Protecting Property From Creditors During Probate

Protecting Property From Creditors During Probate
Mick Grant
Mick Grant

Founder and Writer

The majority of the populace don’t worry once they die, creditors will line up to receive all their dues from the estate in case it doesn’t require probate. In most situations, the existing relatives of the deceased pay valid debts, such as monthly bills, funeral expenses, taxes, and medical bills.

However, you can’t go off the hook from legal obligations to a credit card company or any other creditors. What if you have not left a sufficient amount to clear all the debts and taxes? In that case, once you expire, creditors can claim all the assets that are not part of probate

If there are proceedings related to the probate, the executor (the person who is responsible for handling affairs after one’s death) can ask the person who is the inheritance of the deceased to sell or give away a part of their property or whole to clear debts.

However, in most of the states, creditors have about a time limit of three to six months to file legal claims from the executor. If a creditor who knows about the proceedings of the fails to claim their share before the deadline, then the creditor cannot file a claim against the executor.

When a person’s property has not been on probation, a creditor’s claim can’t be cut off quickly. However, a creditor can claim the property from the person who has inherited the property after the actual debt owner’s death.

A Few Ways To Keep Your Home Safe From Creditors

It is not at all easy to keep your probate safe from creditors. However, we have assimilated a few ways that might keep your probate intact.

Probate – Insurance Of Liability

The best way to keep your home safe from lawsuits and creditors is to buy as much liability insurance as possible. A large policy might help you settle the amount with creditors.

Tenancy Of Entireties

When a house or property is shared both by the husband and the wife, it is considered as the tenancy of entireties. In such a situation, if one of the tenants is sued, then the other tenant can claim 100% of the property. In such a situation, the creditor justice cannot seize the house. However, there are still some limitations to the Tenancy of Entireties policy. The policy gets sued if both the husband and wife get sued. It is also not eligible if one tenant dies, leaving the debt tenant with the property. The property may also be seized if both the husband and wife die.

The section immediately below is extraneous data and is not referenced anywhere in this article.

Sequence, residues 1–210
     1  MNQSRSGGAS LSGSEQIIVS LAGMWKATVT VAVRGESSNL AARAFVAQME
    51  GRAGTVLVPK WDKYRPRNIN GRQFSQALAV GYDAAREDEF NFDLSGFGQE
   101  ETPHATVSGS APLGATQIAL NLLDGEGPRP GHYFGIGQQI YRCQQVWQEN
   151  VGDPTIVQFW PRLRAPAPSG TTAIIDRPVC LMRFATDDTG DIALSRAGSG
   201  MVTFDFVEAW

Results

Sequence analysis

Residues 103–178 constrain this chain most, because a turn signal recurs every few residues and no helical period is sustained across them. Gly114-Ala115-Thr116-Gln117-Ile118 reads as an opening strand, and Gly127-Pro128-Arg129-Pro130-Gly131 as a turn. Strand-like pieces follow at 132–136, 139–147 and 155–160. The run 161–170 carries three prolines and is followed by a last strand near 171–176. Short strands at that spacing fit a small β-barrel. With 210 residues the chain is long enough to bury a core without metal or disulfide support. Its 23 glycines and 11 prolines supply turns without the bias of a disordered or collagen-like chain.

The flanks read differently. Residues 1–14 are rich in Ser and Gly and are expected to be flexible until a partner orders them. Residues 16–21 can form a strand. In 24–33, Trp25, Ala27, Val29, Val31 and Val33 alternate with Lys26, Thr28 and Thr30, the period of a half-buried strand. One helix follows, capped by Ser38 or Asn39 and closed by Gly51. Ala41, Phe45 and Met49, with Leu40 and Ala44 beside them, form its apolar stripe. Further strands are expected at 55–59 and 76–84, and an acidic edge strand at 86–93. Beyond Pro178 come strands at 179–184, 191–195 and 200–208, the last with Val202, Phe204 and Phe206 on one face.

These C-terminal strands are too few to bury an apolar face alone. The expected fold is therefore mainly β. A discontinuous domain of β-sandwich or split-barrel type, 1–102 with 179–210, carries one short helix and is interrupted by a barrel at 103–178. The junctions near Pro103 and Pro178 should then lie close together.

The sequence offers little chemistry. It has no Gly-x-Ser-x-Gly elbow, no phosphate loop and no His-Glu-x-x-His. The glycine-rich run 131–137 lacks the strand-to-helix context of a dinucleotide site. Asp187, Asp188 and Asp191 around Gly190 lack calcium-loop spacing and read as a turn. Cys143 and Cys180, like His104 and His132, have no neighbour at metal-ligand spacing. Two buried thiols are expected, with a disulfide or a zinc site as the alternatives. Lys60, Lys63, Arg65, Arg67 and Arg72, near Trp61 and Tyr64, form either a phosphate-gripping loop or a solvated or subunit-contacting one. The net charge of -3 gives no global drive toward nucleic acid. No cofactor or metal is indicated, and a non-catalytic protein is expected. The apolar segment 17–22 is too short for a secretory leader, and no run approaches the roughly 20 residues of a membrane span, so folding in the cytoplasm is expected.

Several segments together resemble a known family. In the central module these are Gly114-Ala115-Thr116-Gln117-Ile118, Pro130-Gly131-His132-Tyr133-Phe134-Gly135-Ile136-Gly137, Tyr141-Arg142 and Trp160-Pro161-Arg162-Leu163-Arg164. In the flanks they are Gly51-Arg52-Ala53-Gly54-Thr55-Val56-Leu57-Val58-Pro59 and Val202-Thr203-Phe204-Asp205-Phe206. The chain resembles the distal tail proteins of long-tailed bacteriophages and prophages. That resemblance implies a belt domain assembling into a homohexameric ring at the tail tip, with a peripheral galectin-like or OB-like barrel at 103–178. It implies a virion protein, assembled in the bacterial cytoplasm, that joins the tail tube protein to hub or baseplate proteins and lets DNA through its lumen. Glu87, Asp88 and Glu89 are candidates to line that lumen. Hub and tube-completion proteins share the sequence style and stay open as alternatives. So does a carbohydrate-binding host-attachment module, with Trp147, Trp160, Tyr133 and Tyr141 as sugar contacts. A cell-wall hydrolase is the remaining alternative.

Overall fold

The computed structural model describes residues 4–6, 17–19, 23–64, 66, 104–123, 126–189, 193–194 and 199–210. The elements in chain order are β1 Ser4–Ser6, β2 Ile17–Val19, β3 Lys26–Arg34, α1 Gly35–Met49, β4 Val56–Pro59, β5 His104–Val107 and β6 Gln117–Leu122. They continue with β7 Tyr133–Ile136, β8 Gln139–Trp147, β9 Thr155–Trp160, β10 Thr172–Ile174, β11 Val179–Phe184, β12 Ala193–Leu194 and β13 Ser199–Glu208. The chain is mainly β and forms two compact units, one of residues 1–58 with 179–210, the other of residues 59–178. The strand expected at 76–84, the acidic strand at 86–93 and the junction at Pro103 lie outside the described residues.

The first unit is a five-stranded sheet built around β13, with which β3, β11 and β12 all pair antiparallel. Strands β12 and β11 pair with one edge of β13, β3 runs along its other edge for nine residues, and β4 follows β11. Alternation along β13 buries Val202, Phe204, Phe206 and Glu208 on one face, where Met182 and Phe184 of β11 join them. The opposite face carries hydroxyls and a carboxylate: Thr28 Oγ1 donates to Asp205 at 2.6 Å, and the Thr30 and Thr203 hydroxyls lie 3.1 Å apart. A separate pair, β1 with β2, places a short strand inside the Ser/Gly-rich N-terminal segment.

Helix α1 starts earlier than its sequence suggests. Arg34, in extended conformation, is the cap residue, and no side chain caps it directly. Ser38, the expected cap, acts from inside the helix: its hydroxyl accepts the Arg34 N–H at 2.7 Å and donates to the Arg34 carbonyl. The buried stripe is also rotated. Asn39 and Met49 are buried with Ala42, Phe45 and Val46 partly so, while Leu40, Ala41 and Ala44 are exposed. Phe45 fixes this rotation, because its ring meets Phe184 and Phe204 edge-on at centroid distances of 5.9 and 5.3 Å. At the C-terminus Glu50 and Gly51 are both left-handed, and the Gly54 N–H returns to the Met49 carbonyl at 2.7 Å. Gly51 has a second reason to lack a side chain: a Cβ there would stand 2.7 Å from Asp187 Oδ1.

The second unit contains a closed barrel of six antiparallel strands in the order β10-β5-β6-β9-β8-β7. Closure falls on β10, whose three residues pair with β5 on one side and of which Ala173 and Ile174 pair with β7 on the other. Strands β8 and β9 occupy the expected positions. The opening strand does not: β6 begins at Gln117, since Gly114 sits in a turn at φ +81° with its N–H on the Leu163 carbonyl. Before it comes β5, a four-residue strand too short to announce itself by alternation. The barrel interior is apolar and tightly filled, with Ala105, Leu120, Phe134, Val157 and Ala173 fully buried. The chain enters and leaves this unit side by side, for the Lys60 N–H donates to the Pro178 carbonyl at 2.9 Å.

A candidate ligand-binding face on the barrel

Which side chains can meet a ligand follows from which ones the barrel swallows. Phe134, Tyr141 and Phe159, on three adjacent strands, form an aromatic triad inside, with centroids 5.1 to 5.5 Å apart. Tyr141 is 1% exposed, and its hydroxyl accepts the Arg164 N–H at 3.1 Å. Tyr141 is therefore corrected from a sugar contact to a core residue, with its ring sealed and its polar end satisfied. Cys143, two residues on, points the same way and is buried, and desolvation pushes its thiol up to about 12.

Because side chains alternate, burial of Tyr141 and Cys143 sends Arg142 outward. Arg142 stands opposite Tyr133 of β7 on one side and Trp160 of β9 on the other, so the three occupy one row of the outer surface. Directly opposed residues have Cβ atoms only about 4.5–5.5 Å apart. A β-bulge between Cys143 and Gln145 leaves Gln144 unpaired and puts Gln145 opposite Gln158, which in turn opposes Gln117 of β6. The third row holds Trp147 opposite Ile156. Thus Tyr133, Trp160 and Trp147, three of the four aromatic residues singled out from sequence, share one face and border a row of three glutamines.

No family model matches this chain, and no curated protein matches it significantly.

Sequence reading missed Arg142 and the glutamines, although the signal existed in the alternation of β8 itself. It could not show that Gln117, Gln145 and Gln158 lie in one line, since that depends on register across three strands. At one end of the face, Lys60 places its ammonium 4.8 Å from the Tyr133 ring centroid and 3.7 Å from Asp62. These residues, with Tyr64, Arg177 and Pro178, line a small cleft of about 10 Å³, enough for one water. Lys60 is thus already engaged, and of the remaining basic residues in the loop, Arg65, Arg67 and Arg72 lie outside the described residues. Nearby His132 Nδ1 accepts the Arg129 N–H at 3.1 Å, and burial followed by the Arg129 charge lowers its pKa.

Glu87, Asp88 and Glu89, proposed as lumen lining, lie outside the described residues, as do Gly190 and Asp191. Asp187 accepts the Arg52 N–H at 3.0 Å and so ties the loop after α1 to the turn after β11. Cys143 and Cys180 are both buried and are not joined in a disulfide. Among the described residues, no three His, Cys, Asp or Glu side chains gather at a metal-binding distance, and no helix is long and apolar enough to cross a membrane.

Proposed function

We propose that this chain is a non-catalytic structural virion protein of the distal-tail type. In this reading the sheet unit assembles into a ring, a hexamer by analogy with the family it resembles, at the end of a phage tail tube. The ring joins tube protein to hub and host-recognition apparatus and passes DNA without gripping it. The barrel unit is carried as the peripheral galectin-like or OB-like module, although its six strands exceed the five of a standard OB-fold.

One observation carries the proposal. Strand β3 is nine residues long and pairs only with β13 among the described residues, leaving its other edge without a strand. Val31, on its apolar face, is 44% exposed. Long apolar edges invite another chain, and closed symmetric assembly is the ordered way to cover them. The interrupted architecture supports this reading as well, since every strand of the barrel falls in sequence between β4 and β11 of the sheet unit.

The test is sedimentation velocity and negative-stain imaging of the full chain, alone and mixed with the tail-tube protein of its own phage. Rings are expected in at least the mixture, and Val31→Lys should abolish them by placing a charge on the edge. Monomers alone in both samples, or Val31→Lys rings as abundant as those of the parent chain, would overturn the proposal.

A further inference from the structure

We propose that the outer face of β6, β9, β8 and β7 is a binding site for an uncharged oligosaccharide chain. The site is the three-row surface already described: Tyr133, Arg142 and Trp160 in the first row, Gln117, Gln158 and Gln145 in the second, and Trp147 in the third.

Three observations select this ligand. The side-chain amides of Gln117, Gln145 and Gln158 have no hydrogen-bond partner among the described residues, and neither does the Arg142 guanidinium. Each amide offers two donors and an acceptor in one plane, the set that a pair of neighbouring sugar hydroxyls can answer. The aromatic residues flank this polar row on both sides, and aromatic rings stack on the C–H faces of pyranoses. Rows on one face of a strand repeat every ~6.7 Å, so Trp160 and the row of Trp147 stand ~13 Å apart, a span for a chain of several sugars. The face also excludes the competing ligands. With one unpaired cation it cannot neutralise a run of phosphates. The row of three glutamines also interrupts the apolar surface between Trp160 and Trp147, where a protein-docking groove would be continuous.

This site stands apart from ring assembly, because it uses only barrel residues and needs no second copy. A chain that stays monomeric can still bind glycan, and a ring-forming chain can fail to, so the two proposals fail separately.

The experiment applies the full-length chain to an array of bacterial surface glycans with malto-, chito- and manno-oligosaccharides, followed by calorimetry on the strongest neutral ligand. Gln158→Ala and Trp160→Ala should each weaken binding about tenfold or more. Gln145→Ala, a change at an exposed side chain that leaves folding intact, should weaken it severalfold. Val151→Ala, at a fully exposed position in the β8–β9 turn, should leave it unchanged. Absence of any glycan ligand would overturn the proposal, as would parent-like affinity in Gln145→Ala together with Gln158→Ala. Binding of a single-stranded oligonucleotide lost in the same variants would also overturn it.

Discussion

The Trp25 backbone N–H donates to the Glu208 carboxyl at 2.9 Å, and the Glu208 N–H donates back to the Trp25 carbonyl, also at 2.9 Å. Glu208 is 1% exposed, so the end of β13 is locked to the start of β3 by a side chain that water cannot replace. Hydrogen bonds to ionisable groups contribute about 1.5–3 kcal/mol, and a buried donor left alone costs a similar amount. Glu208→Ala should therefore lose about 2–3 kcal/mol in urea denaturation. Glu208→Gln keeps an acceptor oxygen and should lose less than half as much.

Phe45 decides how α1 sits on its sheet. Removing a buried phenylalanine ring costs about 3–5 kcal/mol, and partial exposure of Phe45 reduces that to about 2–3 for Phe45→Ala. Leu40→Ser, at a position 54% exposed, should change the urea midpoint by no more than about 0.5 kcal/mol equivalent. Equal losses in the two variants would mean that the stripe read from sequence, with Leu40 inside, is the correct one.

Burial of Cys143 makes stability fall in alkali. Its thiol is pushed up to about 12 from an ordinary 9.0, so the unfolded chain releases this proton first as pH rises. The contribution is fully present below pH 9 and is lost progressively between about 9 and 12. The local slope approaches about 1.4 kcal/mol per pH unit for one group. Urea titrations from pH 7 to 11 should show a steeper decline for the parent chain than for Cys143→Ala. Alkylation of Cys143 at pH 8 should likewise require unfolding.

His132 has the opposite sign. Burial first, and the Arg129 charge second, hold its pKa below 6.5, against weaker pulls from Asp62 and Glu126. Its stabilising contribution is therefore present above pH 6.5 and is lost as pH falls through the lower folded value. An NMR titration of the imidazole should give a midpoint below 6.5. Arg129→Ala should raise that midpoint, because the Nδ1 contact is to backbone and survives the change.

Suppose you have a property and you are scared of creditors and lawsuits, you can use the LLC to protect your assets. However, the sad part is that there are only a few states that support the LLC law. Wyoming is one of the famous states that support LLC law for protecting your property.

It is important for the LLCs to have a business purpose. However, when it comes to personal properties, it is not easy to come up with a business purpose with LLC. Although, if the personal asset has a well structured rental property, then it is possible to apply the LLC. The personal assets take up a lot of extra charges when you plan to involve LLC. You may lose tax benefits.

Probate and Qualified Personal Residence Trust 

The Internal Revenue Code has endorsed the new qualified personal residence trust (QPRT). It helps to transfer personal property to children with minimum to no tax. However, it takes a lot of detail to incorporate the QPRT into a strategy to save your property from creditors.

It is easy to take up a QPRT. All you need to do is being the grantor, transfer the house to a qualified personal residence trust. This helps the dad to live without paying any rent for a number of years. However, the children of the grantor receive the remaining interest after the expiration of the term. The value of the children’s gift is the reduced value after the father retains a certain value of interest. Thus the children get the house at a very less value rather than that available in the market.

If the grantor gets sued, the only query is if the creditor gets the grantor’s interest and thus forces the sale of the house. If such a sale takes place, the trustee of the QRPT must pay the annuity remaining term to the grantor. This strategy can make it really difficult for the creditors to seize the property. It still does not protect the property entirely.

There are not many ways to protect the property from creditors. Yet you can try and apply LLC to own the interest and DAPTs.

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